Is it possible to turn negative press coverage about Blue Monday (the 'worst day of the year') and workplace absenteeism into something more positive?
Now that the New Year is upon us, we're edging closer to the day known as 'Blue Monday'. This year it falls on Monday 17th January.
Blue Monday has been touted by the media as the most depressing day of the year. It originates from calculations made for a travel company press release back in 2005. The formula has since been debunked as pseudoscience; however, the concept of Blue Monday has nevertheless gathered steam in the last few years.
Blue Monday: why does it still appeal?
It's easy to see why the idea of Blue Monday has a certain appeal. The short and cold days of winter can be dispiriting; plus, getting back into work mode after time off for Christmas means that January isn't typically everybody's favourite month.
Blue Monday is the culminating moment of the January blues, a shorthand we can use to sum up feelings of disappointment or demotivation that can occur during this month. There is no doubt that the festive season, with its costs and family pressures, is stressful for many. For those who deal with Seasonal Affective Disorder and other mental health issues, even more so.
But could we use the Blue Monday concept to initiate more meaningful conversations about mental health in the workplace?
Learn more: Improving employee mental health at work
Brew Monday: Starting mental health conversations
We need more awareness of the impact of poor mental health in the workplace; in 2021, the CIPD found that poor mental health continues to be the most common cause of long-term sickness absence in the UK, with the COVID-19 pandemic worsening mental health issues for many employees (particularly those with existing mental health conditions).
Workplaces are becoming more proactive than reactive on health and wellbeing and senior leaders are becoming more invested in employee wellbeing as a priority, which is encouraging to see, but only 50% of the organisations surveyed by the CIPD reported having a formal wellbeing strategy for employees in 2021, one year into the pandemic.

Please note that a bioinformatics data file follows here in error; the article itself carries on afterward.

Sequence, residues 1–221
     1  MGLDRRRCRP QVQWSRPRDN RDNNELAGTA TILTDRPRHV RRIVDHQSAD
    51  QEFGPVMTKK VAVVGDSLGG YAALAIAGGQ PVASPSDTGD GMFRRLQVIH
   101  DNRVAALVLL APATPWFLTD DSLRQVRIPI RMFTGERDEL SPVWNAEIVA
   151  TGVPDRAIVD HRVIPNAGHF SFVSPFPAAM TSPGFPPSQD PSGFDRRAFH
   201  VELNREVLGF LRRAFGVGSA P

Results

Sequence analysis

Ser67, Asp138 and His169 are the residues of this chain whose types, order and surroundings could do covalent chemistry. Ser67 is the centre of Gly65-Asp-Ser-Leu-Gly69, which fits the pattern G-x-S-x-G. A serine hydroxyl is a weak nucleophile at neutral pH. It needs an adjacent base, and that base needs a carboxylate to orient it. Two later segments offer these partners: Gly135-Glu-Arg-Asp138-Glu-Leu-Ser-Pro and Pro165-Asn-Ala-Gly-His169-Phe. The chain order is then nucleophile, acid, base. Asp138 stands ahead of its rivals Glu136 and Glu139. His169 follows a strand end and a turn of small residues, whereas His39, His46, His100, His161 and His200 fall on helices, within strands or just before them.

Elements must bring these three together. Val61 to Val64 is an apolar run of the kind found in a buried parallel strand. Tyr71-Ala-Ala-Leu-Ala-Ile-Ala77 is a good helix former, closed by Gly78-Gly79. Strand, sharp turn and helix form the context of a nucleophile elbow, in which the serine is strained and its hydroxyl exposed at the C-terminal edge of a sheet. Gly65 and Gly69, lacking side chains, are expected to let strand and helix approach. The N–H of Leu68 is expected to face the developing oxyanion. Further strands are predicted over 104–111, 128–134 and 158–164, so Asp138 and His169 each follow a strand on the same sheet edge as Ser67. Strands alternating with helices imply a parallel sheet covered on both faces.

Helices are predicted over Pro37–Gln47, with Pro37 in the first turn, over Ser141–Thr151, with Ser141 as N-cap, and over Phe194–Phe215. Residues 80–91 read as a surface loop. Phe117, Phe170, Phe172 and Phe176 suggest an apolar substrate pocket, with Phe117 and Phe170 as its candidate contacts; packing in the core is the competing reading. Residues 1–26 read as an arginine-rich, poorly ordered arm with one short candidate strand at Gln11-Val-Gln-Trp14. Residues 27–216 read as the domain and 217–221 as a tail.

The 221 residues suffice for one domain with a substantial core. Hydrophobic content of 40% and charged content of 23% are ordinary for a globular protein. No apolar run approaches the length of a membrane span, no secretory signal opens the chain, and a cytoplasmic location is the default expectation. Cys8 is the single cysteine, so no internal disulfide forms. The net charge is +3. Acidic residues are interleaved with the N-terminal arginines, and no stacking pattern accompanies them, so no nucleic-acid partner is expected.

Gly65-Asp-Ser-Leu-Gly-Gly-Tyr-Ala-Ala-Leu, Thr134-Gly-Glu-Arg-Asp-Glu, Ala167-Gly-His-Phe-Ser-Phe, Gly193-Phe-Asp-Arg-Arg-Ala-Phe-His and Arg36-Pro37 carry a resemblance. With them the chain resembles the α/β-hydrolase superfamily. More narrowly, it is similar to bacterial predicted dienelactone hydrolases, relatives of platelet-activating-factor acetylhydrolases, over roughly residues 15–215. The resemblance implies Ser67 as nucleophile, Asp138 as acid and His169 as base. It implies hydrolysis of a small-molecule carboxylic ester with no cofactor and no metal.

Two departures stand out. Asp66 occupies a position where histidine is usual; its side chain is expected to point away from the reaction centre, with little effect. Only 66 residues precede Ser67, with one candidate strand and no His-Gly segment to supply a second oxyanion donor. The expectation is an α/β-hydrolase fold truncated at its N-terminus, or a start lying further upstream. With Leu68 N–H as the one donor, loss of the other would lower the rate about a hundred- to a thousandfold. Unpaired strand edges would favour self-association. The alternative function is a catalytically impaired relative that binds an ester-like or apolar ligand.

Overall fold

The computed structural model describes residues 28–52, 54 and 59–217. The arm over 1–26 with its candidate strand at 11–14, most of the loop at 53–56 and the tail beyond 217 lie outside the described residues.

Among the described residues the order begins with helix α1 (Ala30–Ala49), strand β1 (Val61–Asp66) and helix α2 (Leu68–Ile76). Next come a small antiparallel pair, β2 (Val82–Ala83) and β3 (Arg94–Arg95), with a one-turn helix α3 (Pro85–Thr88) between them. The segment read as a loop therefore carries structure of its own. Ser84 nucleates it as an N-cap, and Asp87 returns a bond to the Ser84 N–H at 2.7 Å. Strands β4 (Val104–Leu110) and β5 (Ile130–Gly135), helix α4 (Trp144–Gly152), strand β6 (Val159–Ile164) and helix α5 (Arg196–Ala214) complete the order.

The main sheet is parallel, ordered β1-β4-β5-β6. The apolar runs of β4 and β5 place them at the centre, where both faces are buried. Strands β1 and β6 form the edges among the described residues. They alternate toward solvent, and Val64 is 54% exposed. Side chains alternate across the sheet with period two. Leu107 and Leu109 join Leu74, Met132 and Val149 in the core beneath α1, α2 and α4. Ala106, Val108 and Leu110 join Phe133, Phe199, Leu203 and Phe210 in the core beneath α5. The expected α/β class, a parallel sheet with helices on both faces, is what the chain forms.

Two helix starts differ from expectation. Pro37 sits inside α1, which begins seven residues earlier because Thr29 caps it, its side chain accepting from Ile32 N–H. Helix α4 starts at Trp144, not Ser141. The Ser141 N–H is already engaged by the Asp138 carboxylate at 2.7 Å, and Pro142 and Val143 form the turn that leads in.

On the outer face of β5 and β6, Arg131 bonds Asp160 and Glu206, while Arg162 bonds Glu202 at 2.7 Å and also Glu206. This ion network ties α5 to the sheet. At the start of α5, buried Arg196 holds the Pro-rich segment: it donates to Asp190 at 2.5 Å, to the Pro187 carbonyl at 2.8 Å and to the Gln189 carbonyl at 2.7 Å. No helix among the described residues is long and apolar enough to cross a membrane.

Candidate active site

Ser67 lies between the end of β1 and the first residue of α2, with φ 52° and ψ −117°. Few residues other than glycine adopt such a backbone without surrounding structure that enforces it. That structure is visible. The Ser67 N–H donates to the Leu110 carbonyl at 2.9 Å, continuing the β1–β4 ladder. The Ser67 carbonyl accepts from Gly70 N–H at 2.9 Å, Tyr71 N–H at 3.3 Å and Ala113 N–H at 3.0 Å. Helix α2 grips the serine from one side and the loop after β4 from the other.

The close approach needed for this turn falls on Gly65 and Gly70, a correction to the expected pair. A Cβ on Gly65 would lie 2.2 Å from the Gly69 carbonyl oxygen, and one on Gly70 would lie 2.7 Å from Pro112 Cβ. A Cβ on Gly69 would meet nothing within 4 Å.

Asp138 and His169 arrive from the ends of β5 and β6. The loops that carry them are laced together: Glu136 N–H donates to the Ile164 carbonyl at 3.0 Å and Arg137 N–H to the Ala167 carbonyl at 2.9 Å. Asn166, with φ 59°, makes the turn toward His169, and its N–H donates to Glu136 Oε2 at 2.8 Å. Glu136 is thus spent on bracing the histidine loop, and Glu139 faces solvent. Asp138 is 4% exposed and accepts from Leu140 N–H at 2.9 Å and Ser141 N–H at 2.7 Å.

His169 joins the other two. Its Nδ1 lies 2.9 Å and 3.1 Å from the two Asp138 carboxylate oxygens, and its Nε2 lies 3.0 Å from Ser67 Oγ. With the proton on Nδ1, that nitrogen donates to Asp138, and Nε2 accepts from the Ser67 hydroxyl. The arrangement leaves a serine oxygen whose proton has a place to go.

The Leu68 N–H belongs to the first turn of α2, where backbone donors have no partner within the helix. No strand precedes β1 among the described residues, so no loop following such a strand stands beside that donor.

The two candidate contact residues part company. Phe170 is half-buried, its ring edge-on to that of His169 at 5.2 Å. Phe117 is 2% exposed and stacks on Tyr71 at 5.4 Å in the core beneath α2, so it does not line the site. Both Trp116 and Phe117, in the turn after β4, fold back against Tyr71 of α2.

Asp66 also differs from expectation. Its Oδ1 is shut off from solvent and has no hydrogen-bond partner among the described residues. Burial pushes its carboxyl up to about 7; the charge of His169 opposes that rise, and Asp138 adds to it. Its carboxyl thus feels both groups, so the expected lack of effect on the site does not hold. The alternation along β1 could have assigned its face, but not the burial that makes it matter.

From Blue Monday to Brew Monday
Now more than ever, we can use Blue Monday to spark positive conversations about mental health if approached in the right way. Such conversations shouldn't be limited to one day of the year, of course, but opportunities to address the growing issues surrounding poor mental health and stress in the workplace are golden, not blue. Other such days include Time to Talk Day and World Mental Health Day.
The mental health charity Samaritans have turned Blue Monday into 'Brew Monday', using the day as a conversation starter. On their website, the Samaritans recommend Brew Monday as a day to "get together with your friends, family or workmates […] have a cuppa, raise vital funds for Samaritans and beat the January blues!" Such initiatives are a great way to open up conversations about mental health and make an active difference.
Learn more: Turning Blue Monday into a Brew Monday at work
Discussing mental health in your workplace
The familiar idea of Blue Monday could be a great stepping stone to starting conversations about mental health in the workplace. By doing so, we can show employees and colleagues that we can offer them support. Such conversations should be approached with planning and forethought from an HR perspective.
The CIPD has published mental health at work guidelines for employers and managers, to help organisations facilitate conversations about wellbeing and promote better mental health for employees. Why not read up on how to better handle mental health in your workplace as a New Year's resolution?
With a better understanding of how work can affect mental health, we can look upon 'Blue Monday' each year with a more proactive and positive approach.
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Written by Camille Brouard
Camille is a Senior Marketing Executive for myhrtoolkit who writes on topics including HR technology, workplace culture, leave management, diversity, and mental health at work.